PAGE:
Simply put, I was the class clown in high school and LOVED entertaining people. I found making kids laugh a lot more enjoyable than anything Mrs. Kelly or Mr. Rohrer were teaching. Detention was where I REALLY honed my skills. I thought of it as my encore! I was the kid teachers WISHED would skip class but never did. That's where my audience was. Not that I was a troublemaker, but I took the attention away from teachers. Call them jealous if you will. Combine that with my love for music ... bingo! I enrolled at Specs Howard School of Broadcast Arts and a year later I left the cabinet shop for radio.
3) Congratulations on your return to Ft. Wayne as PD of WBYR (98.9 The Bear). How does it feel to be back at The Bear and what makes this station so unique?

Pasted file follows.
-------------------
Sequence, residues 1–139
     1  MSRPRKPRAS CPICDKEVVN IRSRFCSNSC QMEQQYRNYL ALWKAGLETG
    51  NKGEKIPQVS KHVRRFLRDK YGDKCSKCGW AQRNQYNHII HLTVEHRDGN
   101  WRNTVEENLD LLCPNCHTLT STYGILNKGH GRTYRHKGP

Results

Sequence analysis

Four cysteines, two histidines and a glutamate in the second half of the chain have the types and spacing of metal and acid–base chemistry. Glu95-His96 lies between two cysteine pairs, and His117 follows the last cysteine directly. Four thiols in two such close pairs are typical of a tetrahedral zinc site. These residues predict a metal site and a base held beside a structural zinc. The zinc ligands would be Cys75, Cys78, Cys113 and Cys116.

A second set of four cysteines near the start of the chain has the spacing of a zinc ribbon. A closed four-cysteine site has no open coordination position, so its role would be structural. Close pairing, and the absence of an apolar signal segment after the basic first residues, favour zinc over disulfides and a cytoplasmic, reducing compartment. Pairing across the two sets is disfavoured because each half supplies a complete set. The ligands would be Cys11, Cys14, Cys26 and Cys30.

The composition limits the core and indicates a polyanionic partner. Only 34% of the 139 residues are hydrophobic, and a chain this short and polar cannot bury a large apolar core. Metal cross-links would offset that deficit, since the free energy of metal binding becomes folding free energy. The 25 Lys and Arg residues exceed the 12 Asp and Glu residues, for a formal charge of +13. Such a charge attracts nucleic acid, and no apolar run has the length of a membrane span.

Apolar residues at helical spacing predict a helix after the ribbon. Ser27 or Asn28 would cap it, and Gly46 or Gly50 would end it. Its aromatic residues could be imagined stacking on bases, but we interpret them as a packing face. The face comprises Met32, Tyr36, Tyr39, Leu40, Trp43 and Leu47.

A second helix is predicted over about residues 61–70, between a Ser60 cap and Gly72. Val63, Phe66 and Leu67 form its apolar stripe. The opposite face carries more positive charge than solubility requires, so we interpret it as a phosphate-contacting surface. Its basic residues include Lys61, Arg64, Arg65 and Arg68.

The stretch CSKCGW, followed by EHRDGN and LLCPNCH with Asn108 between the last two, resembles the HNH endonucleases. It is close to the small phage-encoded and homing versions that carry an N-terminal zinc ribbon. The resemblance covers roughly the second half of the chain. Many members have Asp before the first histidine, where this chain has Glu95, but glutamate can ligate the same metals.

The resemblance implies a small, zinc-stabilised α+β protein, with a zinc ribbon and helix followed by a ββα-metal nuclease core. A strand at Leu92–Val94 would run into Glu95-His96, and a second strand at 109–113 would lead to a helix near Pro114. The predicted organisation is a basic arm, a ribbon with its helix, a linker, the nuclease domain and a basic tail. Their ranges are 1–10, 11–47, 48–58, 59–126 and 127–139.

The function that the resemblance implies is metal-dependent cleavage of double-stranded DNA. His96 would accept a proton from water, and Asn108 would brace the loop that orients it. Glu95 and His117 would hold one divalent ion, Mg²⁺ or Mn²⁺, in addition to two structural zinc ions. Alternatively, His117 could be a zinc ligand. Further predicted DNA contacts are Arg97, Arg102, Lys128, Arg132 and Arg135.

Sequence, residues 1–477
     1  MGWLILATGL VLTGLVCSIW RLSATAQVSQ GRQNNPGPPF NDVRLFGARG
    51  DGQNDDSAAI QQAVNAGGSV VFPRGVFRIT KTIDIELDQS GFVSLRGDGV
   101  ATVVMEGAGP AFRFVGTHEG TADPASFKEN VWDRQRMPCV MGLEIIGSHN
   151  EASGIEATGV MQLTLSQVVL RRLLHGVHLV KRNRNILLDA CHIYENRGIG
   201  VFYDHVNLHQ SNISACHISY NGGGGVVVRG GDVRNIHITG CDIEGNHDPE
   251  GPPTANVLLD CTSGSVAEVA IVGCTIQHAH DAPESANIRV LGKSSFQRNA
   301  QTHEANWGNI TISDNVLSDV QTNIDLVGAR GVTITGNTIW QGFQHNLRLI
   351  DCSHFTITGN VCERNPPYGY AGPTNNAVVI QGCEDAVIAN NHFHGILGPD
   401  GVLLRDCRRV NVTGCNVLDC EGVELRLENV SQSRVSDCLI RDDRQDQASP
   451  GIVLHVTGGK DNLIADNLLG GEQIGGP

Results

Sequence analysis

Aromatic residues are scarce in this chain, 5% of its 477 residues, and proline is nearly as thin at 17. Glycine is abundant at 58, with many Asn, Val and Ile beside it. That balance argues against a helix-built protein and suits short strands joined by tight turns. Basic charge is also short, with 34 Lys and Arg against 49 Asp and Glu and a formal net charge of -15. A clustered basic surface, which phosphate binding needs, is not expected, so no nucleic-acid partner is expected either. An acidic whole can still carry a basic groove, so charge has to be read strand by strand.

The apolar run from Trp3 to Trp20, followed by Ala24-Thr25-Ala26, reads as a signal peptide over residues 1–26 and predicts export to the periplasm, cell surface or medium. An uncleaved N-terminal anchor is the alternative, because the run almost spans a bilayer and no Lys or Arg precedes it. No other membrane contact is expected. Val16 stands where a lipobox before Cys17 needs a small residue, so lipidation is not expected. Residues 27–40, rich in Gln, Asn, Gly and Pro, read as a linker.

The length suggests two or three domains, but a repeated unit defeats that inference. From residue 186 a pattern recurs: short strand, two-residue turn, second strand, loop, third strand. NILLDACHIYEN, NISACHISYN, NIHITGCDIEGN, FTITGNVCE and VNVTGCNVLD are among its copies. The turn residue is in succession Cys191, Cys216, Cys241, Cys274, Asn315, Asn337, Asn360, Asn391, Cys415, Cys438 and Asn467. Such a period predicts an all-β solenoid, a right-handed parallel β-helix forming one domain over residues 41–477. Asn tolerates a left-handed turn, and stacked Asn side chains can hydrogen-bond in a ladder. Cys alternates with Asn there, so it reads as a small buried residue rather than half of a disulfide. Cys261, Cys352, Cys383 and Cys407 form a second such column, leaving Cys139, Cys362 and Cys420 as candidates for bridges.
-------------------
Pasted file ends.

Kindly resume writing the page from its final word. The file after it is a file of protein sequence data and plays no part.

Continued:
Thanks! Anytime you can come to a city with a built-in audience is always a good thing. Starting from scratch to gather new listeners isn't the case here. It feels great to be back because we're in decent driving distance again so our kids can see their grandparents and cousins more often. Plus this is where some of my favorite memories in radio happened. From being invited to jam onstage with Sammy Hagar to working and learning from my mentor, Jim Fox. To think I'm now occupying the chair Jim taught me in ... that's just awesome! I only hope I can influence some up-and-comer the way he did me. As for the uniqueness of this station, we're able to stretch our legs a little more in terms of creativity. What seems to scare others in management in your bigger markets, we're given the freedom to execute at The Bear. It's what makes Rock radio so fun. There's been no homogenization here!
4) After working for a decade at The Bear, in 2006 you left to do afternoons at WHQG (The Hog) in Milwaukee. How was that experience?